"Me? Don't you mean, us?" Cale shot an angry look.

"Yes, us," he grimaced.

Another rock sailed through the air, this one hitting an Iberian guardsman on the shoulder causing a grunt of pain.

"I'm putting a stop to this," Cale said, and calmly drew his gladius.

"No," Folco argued, and then there was the clatter of horse hooves from within the gated compound and the great doors were swung open with a brassy screech.

Marcus Valencius was astride his white horse, his plumed helmet bobbing as he rode, followed by six Saguntine soldiers with spears and shields. His own short sword was out, polished and glinting in the afternoon sunlight, and he was shouting orders to the men in thier own tongue. The Saguntines formed a wall of shields in front of the gate and began advancing, pressing the crowd back slowly as more rocks sailed over thier heads, a few thumping hollowly against their round sheilds.

"Rally on me!" The Praefectus shouted to his own men, motioning for them with his sword. "Calmly now, boys, calmly," he spoke, as if speaking to a skittish horse.

The crowd surged forward as a wave upon a stormy coast, and was broken as surely as water upon the rocks on the wall of shield-bearers before the gates. One man flung himself fully over the shield-wall and crashed into the cobbles of the street behind them, where he was quickly apprehended by two soldiers and drug away by his short tunic. The Saguntine guardsmen were pressing forward with their shields and using their spears as staves, here slamming a shield-boss into one rioter's face, and there grapping with another and using the shield as a device to push them back.

The Roman contingent were ahorse now, all of them, and the Praefectus gave the command to ride home. A short horn-blast was issued by one of the lead bodyguards, and the column of riders set off into the streets, the crowd melting away before them, fearful of the horse-hooves.

Cale looked back and saw an empty Greek helmet rolling down the street, a large dent in the side...


 

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Alhazen, great work! You really captured the mood of the city as the the dark shadow of Hannibal and his armies loom over Saguntum! :) Brilliant writing!
 

coz1

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As is so typical in this period, one must win one war before even beginning to fight the other. And that puts the Romans in an uneasy place what with Hannibal and all waiting to come and destroy them as he told his father he would do. Gripping stuff, Alhazen.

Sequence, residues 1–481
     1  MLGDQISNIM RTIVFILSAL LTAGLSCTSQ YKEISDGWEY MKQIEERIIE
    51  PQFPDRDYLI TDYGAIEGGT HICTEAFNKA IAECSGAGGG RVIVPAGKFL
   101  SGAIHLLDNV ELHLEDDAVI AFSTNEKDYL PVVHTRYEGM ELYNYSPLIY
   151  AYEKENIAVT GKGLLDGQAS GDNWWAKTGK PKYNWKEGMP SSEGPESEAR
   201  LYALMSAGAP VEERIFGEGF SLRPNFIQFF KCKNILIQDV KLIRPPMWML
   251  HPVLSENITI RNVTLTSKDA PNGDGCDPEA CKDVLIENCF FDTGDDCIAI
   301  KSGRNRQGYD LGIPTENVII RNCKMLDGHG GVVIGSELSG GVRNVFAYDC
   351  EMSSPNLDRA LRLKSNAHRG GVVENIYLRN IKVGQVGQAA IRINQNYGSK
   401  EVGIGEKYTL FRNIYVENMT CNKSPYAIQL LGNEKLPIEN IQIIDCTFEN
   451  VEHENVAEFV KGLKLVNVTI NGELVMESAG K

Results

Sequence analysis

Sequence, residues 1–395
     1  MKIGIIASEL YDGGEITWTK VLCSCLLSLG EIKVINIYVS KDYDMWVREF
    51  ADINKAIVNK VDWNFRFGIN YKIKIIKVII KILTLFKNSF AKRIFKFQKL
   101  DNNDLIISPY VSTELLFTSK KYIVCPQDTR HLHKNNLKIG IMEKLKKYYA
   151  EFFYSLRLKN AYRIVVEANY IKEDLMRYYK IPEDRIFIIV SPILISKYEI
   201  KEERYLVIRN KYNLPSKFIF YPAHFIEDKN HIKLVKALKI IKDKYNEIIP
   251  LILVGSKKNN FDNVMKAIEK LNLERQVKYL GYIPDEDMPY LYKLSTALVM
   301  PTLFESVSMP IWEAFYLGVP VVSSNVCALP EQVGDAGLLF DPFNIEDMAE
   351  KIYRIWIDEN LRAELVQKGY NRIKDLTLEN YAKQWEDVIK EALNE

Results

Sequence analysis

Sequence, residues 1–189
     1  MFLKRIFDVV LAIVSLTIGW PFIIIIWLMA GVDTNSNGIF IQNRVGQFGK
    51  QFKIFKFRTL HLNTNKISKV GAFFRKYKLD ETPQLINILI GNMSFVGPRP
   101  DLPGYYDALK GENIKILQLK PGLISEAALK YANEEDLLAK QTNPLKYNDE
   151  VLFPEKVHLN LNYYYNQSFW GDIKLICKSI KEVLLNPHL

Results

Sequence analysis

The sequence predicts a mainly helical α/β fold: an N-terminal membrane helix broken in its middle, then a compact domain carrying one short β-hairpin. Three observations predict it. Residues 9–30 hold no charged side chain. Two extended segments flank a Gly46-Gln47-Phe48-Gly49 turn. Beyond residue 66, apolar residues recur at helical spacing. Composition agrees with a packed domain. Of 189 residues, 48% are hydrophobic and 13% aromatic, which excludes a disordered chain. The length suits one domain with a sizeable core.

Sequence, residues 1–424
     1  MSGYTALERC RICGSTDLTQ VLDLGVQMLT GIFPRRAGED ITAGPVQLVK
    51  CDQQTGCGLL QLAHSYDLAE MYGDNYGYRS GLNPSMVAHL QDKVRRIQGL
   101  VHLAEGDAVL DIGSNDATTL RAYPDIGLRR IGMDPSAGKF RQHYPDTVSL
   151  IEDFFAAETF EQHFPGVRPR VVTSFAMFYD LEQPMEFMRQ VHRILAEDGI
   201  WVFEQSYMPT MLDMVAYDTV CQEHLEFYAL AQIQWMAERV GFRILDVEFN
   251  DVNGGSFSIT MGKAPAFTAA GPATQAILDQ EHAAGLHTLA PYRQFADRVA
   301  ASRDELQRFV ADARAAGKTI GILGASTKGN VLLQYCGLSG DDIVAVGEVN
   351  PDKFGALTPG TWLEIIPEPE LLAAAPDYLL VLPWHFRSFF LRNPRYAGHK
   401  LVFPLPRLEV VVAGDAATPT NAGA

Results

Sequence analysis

stnylan

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“The others fought you might be…reluctant…after the unpleasantness last week.”

Sorry but I could not help but laugh when I read this. Unintended - but very amusing!

All in all it sounds as if Saguntum is very soon going to be in the eye of the storm. Cale is a rather unsettling chap, all in all. Interesting quality to the music. Need to think on that.
 

kevusher

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The music is brilliant, and adds to the drama. Really good writing so far, can't wait for the next chapter..!!
 

Alhazen

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Stynlan-- :D I had to look and see that I had actually written that. :rofl: Now you've captured my blunder for eternity even if I did edit it. :rolleyes:

Semi-Lobster--Thank you much sir, I appreciate the kind words.

Molleby--As am I! This is just the prologue after all, the game hasnt even really started!

coz1--You've hit the nail on the head, my friend. And in a way, the crowds are right, by stationing troops--even if it is only 5 or 6 real "Romans" in Saguntum, they have violated the treaty they set up with Hamilcar. Some would say that by making alliance with the city they had already done so anyway.

Kevusher--Thanks alot, glad you're here!
 

Lucius Sulla

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Awesome, awesome, awesome.

Until I saw it in your sig, I missed this jewell, which I hope you will play until my namesake takes... charge... or the republic, at least.

I happen to be re-reading what I consider the best account of the Punic Wars, if you would like to get accurate description of the battles, the campaigns in a very unbiased account, search for "The Punic Wars" by Adrian Goldsworthy. Quite good diagrams of the battles, too. I think it's published in UK by Cassell... dunno in US. It's really worth it.

The matter of Saguntum by the way, is extensively debated. The fact is the way the Republic of Rome used to conduct war and peace, that is, agressively in all accounts. The Republic was used to win, and when winning to have their enemies completely neutralized... thus the situation after the First Punic war was quite... unsettling, in a lot of ways for them. Thus, under that light, no treaty was valid, but under the spirit that Rome had won, and they could do as they please. While Carthage, more used to the Hellenic states period, only saw their defeat as a conditioned accord between peers.
 

Alhazen

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Sulla--Thanks! Im glad youve enjoyed it so far. That's a grea tip for the book, I'm looking for it now. I'm especially interested in sources on Hannibal, his lieutenants, Cartagena, and their administration of Iberia.